blank

We are about to embark on a new journey with the Northern Californian singer-songwriter, Eric Anders, and the Southern Californian guitarist-composer, Mark O’Bitz, and their 7-song album, “Answers Belie.” I’ve got to warn you, it’s a melancholic journey, but with the duo’s musical prowess, passionate delivery, and heartwarming Folk sound, it’s undoubtedly worth it.

The splendid journey consists of three steps; with each step, we will be immersed in a particular theme that doesn’t only portray the brilliant pair’s ideas and experiences, but rather most of us. The themes are political, philosophical, and sentimental. You’ll find yourself mad and sad about your country, wondering about all the questions that have been crowded in your mind, remembering the love story that became a rough lesson, worrying about the future, and much more.

Amidst all these complex emotions, there’s a variety of well-crafted and performed musical compositions, with each instrument being well-placed, a mix of literary and reality-influenced lyricism, soul-stirring vocals, and flawless production by Mike Butler. Shall we begin the journey?

“A Slow Movin’ Nightmare” is the first of the three political songs, and Eric referred to it as “a dirge for American democracy.” It’s an intense start, but realistic. Also, it prepares you for what’s coming, as the following songs aren’t rays of sunshine either. However, the delicate guitar strings and soft percussion will go easy on you.

The two other political songs are “Force of Old” and “Long Ol’ Civil War.” You can clearly hear the disappointment, crashed dreams, and mere sadness in both Eric’s tuneful vocals and the musical composition that profoundly harmonizes with her performance. What the three songs have in common are the political theme, the expression of the weight that people can’t bear, the well-crafted Folk sound, melancholic but gradually trying to be dynamic instrumentals and haunting vocals.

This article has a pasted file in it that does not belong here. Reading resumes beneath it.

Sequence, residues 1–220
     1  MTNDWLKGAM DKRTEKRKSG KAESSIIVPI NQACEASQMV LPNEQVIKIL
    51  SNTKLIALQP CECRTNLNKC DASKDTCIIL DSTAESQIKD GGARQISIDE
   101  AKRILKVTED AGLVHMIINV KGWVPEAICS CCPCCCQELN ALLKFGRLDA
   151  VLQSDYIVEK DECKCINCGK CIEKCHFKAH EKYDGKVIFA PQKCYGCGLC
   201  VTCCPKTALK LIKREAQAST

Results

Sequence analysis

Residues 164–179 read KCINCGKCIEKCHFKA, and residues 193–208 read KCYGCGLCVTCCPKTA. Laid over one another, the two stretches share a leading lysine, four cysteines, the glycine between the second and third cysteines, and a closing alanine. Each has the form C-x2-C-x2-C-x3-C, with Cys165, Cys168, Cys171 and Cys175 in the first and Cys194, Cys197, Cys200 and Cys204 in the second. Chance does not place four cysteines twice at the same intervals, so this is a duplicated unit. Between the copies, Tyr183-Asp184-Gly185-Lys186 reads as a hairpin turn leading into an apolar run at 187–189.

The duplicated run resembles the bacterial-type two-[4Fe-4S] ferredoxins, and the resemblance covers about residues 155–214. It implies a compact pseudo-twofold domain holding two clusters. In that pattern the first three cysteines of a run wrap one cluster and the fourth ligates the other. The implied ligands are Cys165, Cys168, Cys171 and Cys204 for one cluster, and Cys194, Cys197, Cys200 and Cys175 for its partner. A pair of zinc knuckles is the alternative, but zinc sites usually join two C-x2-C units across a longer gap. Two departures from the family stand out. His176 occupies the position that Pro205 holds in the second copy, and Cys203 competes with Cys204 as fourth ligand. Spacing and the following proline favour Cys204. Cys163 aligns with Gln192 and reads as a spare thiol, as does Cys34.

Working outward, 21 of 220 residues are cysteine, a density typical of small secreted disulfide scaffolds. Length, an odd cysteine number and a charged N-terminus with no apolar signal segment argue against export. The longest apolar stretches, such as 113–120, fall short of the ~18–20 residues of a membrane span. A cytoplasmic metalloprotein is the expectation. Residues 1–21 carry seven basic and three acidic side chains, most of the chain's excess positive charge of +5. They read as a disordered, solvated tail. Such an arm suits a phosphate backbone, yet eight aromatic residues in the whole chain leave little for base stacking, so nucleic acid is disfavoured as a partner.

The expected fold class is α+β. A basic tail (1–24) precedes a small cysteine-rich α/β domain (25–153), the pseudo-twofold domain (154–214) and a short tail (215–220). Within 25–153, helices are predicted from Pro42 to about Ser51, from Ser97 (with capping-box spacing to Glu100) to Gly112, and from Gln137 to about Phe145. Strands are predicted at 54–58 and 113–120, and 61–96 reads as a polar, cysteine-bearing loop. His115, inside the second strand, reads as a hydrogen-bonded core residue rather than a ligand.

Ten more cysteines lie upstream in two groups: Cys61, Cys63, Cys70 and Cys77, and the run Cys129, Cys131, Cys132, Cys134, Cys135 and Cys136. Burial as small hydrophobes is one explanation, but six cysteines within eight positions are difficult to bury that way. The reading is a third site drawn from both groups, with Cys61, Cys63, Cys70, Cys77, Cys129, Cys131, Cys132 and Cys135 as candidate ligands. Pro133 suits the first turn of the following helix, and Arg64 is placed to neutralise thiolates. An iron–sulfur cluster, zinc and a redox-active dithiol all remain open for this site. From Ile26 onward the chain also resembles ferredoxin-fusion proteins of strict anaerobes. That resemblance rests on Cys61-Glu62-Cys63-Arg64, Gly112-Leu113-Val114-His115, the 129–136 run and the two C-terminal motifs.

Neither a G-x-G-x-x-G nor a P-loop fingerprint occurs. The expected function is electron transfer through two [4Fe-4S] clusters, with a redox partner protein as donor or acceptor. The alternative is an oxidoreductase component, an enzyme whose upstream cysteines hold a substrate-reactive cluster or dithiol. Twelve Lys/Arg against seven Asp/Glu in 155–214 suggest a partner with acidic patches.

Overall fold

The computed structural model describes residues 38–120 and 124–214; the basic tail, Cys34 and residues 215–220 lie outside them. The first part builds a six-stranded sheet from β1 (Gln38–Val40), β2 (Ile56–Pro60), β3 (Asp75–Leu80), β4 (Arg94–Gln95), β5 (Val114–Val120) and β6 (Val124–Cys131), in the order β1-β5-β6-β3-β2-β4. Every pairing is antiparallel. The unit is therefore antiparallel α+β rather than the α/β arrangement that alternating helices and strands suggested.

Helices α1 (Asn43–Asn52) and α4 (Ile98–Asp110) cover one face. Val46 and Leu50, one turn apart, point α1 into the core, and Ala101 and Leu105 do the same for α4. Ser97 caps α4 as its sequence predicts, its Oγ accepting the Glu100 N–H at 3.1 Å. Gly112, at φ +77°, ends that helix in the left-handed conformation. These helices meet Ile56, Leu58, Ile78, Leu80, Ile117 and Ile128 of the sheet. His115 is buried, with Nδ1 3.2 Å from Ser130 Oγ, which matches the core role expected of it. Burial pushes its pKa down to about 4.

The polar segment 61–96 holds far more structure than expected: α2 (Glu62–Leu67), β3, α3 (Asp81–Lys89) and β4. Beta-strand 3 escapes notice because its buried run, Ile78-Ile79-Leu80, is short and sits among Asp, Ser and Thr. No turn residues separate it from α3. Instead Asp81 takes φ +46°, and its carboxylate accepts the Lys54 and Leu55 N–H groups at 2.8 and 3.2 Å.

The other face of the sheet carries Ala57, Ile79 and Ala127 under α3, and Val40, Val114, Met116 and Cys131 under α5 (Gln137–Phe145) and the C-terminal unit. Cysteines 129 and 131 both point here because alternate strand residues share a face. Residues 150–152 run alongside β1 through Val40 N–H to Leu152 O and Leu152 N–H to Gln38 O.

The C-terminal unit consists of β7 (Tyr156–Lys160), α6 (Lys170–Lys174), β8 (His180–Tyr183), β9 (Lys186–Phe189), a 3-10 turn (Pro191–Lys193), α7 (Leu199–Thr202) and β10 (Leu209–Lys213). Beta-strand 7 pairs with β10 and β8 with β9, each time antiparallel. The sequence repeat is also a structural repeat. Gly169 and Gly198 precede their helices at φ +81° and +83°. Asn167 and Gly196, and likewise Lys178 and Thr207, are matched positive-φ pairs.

“The Hardest Lesson” is the first sentimental song, and it’s heartbreaking. It’s about that person who you thought was the one, only to turn out they are a cruel, heart-shattering lesson. It has bitter, poetic lyrics, sentimental, wistful vocals, and lighthearted instrumentals. You can notice the shift from sounding worried and frustrated to sounding heartbreaking and luring. The backing vocals are notable in all of the songs, but in this song in particular, they add a soulful feeling and enhance the weary emotions.

The title track, “Answers Belie” is the philosophical song as well as the most relatable one on the album. The thought-provoking lyricism feels like a page from every human being’s diary. The swaying composition creates an irresistible soundscape, and the resonating vocals will make you feel like you’re the one who’s wondering right now, “Can we ever really know are we acting out of time?”

“Eyes, A Child, Bedside” begins with a pleasant intro, which is followed by Eric’s grateful, delightful vocal line. It’s an ode from Eric to his maternal grandfather, which makes the output nostalgic, cozy, and yearning. It’s one of the songs that shows the versatility and sincerity of the duo.

The album closes off with “I Hope Time Will Be Kind,” which is also very relatable. It conveys the fear of getting old, which is a universal dark feeling. What is personal is Eric’s fear for his children to grow up in such a messy world with everything only getting worse. The piano notes are impassioned and have a dramatic sense that aligns with the troubled yet dulcet vocals. It’s quite an ending!

Well, we’ve reached the end of the three-step journey. I think now I’ll leave you to process the tense emotions, introspective ideas, and polished musicianship. Once you are ready, you’ll hit the play button again and enjoy the album’s distinct listening experience all over again.